How about Istanbul? Istanbul, Turkey, okay? $1.2 million gets a waterfront apartment with three bedrooms and a large terrace overlooking the Black Sea. I’ve been there twice, and so that’s not too bad.
Now, let’s talk about a market that we do actually recommend. And we’ve probably done, over the years, a couple hundred transactions in this market. And our investors are buying up this market at a good clip, and it’s a good place to invest. And it is good old Houston, Texas! Really, one of the energy capitals of the United States, in many ways. And it’s a big Mecca and center for healthcare as well. Two great industries. Well, for a million bucks in Houston, you get a gorgeous, stately-looking beautiful home. I’m looking at the picture now. Big lot, it’s really nice. So, one million ninety thousand dollars, to be exact, gets you a 6,879 square foot 6-bedroom home overlooking a bayou. It has an elevator, two wet bars, and a two-story formal living room. Well, let me tell you. I would take Houston over any of these deals so far.
How bout Cartagena? This one kind of amazed me. I didn’t think it was this expensive. I have not been there. I’ve been almost I think everywhere else on this that we’ve talked about. I haven’t been to Sao Paulo. I haven’t been to Brazil. But everywhere else I think I’ve been, that we’ve talked about so far. Okay, in Cartagena, a million bucks gets a recently renovated 3-bedroom 4-bathroom apartment with a terrace and a Jacuzzi. So, you know, not as much as some of the others, I thought.
Okay, how about Munich? Munich, Germany. That’s a beautiful city; I really do like Munich quite a bit. Well, $990,000 will get you a 1227 square foot penthouse with three bedrooms, two bathrooms, two roof terraces, a living room, and a dining room. And by the way, the picture looks pretty gorgeous of that one. so, not bad. But again, I’d rather rent it, because I know my rent’s going to be about $3000 a month. It’s just—it’s a rule of thumb, and you can just pretty much count on it. It’s pretty darn accurate. It won’t be far off, anywhere on the planet. Just try me on this. Try me, okay? I bet I will be right.
Okay. Buenos Aires, Argentina. They call it the Paris of South America. In Buenos Aires, and I’ve been there, $1 million buys you a 4300 square foot apartment with nine rooms in the posh Reocleta neighborhood. You get a lot there. You get 4300 feet for a million bucks—that’s pretty awesome.
A few words on the upcoming Little Rock property tour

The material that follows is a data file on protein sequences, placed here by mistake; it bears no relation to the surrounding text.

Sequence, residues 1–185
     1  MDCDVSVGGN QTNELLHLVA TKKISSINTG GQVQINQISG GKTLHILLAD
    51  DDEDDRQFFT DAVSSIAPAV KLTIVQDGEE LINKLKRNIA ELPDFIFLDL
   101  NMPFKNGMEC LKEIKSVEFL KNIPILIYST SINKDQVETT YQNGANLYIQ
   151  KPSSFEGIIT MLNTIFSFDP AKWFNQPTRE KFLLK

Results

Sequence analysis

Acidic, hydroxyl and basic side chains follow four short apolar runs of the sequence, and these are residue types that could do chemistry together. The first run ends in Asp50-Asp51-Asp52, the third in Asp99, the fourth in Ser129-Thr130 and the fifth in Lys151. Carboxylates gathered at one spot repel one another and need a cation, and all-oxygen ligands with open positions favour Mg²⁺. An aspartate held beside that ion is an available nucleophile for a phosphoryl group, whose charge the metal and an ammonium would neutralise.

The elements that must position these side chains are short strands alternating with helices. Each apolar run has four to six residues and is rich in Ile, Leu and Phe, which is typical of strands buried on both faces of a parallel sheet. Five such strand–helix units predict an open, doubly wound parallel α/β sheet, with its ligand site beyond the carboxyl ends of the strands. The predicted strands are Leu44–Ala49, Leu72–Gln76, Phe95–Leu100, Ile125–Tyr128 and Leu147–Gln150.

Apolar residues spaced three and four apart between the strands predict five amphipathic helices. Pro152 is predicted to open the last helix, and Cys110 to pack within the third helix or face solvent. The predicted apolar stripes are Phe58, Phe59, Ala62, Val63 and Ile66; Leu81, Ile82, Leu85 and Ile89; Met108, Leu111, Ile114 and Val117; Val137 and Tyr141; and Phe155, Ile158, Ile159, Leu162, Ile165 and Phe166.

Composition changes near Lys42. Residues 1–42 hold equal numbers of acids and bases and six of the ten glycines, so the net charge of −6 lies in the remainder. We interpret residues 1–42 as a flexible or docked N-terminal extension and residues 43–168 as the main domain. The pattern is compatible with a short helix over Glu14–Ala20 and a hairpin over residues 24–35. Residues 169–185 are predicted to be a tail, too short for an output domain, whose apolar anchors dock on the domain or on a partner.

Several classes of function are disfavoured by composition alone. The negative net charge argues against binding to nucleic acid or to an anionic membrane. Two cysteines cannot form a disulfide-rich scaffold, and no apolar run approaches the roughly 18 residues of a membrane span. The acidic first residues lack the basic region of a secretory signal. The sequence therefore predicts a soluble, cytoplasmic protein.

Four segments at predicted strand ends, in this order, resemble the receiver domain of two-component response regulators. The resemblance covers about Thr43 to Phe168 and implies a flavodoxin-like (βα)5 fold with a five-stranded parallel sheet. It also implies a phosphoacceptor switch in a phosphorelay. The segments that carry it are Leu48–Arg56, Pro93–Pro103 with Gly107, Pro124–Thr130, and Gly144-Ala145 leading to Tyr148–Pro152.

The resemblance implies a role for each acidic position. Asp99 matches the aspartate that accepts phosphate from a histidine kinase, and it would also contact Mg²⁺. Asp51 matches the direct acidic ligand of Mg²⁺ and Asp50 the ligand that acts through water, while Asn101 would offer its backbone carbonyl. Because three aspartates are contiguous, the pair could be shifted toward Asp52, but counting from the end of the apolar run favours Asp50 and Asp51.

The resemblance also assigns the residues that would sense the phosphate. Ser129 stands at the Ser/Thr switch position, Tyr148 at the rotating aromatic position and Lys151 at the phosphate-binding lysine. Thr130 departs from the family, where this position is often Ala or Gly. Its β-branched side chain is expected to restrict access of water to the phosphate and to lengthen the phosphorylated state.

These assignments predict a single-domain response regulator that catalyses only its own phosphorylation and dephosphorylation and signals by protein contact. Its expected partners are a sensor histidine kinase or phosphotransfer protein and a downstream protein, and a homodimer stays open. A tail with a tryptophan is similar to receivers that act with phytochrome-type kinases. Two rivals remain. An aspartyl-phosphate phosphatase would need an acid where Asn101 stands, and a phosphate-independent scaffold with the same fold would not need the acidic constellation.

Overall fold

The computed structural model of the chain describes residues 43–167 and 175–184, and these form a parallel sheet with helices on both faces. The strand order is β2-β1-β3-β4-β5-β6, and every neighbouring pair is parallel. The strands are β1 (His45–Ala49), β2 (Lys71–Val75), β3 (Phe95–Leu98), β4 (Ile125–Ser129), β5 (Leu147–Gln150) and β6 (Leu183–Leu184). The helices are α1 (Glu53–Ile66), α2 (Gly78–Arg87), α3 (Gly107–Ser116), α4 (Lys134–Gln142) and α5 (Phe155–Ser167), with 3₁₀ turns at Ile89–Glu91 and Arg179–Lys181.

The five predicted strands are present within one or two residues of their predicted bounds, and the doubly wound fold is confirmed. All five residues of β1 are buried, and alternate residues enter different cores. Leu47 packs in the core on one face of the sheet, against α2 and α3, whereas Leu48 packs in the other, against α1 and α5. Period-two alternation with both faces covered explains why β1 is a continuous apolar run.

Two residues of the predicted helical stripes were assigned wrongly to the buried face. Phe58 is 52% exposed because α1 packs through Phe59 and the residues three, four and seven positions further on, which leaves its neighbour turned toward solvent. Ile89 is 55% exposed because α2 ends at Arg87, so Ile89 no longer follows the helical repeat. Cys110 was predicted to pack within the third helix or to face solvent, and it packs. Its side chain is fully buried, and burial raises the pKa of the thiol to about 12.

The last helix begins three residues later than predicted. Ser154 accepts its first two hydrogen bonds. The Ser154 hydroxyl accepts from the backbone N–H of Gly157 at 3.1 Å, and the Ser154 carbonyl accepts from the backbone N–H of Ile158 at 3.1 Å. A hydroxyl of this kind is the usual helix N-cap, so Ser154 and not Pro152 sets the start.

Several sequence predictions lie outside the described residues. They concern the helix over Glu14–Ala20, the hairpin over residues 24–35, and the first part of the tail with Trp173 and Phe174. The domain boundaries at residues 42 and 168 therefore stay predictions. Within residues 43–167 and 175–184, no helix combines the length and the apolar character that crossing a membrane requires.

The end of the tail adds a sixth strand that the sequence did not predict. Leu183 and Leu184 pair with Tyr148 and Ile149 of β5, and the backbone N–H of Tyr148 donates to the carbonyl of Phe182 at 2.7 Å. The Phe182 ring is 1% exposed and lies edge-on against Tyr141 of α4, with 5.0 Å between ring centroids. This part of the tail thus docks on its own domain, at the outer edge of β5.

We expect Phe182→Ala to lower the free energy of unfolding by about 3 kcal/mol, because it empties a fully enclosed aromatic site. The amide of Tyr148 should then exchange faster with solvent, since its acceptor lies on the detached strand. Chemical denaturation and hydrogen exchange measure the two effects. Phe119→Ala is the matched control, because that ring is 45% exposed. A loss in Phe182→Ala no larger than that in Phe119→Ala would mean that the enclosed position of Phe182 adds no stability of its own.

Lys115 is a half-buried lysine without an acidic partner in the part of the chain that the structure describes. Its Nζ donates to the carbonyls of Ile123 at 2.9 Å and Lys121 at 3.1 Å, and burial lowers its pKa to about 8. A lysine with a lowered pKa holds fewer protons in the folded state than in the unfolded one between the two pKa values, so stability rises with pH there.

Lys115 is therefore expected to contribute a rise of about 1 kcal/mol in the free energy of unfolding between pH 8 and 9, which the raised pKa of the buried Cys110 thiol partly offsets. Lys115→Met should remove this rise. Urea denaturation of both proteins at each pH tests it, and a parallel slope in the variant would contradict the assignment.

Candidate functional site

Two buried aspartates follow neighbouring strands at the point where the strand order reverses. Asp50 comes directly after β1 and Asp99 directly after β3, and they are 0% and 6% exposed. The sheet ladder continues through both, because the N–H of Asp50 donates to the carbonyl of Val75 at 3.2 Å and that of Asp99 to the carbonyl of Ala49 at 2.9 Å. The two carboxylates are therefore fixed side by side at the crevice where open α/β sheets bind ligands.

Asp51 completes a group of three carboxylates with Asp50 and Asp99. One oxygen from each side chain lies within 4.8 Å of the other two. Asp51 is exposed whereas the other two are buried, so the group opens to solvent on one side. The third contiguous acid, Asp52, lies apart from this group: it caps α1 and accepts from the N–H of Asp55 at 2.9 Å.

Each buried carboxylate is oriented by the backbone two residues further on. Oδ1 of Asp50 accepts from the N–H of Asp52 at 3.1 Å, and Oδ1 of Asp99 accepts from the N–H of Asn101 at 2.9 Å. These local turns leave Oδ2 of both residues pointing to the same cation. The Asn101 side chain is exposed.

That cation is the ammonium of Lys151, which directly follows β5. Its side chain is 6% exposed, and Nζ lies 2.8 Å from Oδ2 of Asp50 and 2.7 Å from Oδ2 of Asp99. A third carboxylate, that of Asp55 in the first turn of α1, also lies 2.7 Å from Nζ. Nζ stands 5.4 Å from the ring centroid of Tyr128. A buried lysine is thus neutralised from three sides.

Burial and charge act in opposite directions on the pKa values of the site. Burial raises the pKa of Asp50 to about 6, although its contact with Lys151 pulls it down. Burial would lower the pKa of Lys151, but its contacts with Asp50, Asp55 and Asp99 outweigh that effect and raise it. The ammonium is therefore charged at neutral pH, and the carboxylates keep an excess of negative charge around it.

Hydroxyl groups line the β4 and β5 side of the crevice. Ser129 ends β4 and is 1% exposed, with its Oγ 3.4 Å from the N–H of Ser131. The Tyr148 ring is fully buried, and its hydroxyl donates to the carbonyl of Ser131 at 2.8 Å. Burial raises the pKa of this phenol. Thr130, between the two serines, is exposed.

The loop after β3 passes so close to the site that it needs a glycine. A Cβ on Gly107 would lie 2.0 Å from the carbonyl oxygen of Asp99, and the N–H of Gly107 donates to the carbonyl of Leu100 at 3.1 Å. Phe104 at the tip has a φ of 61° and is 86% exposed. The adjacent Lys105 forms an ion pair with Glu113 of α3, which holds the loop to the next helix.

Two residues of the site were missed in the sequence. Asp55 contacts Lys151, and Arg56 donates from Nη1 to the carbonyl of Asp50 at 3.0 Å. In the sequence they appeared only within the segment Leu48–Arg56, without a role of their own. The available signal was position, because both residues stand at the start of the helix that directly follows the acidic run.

JASON HARTMAN: And that’s your tour of what a million bucks buys you around the world. How’d you like that, folks? If you want to see properties with actual intrinsic value, don’t look at any of those, and don’t look at any of them in San Francisco either. Go to www.jasonhartman.com, click on the properties link, and look in the markets we recommend. Look in Little Rock. In fact, join us for our property tour in Little Rock! Hey, by the way, how did you like Bill Clinton on our last two podcasts talking about our Little Rock property tour? Oh yeah, I know, we have to add a little humor in here somewhere, right? So, join us, that’ll be in late September, and you can register at www.jasonhartman.com, and the format of this goes like this. On Saturday, we’ll have the Creating Wealth in Today’s Economy Boot Camp, and then on Sunday we’ll have the property tour, and we’ll have a bunch of meals together. Saturday night we’ll have a really nice dinner our together, we’ll have some great lunches, and I just think you’ll really enjoy the whole time. So, these tours, we’ve done a bunch of them in different markets around the US. And of course, we like markets that have good, good cash flow. So, come to Little Rock! I think you’ll really enjoy it. That is late September. Register at www.jasonhartman.com. Click on events. And we will look forward to seeing you there.
Let’s get to our 10th show guest, as we talk to Eve about Life at the Speed of Passion. Here she is.
Introducing Eve Wright
JASON HARTMAN: It’s my pleasure to welcome Eve Wright to the show! She is Vice President and Associate General Counsel for The HEAT Group, and that’s the Miami Heat basketball team. But she’s also author of Life at the Speed of Passion: Create a life of intention, purpose, and integrity. And she’ll talk to us about that as well as her entrepreneurial journey. And I think you’ll find it interesting. Eve, welcome. How are you?
EVE WRIGHT: I’m fantastic! How are you today?
JASON HARTMAN: Well good! It’s good to have you on the show. I assume you’re coming to us from Miami; however, I’m not really sure.
EVE WRIGHT: Yes. I’m actually in Miami today.
JASON HARTMAN: Okay.
EVE WRIGHT: I actually commute between cities, so that’s a good question to ask!
JASON HARTMAN: Oh, okay. What’s the other city?
EVE WRIGHT: Atlanta.
The inspiration behind the book Life at the Speed of Passion
JASON HARTMAN: Oh, okay. Great. What inspired you to write the book, Life at the Speed of Passion?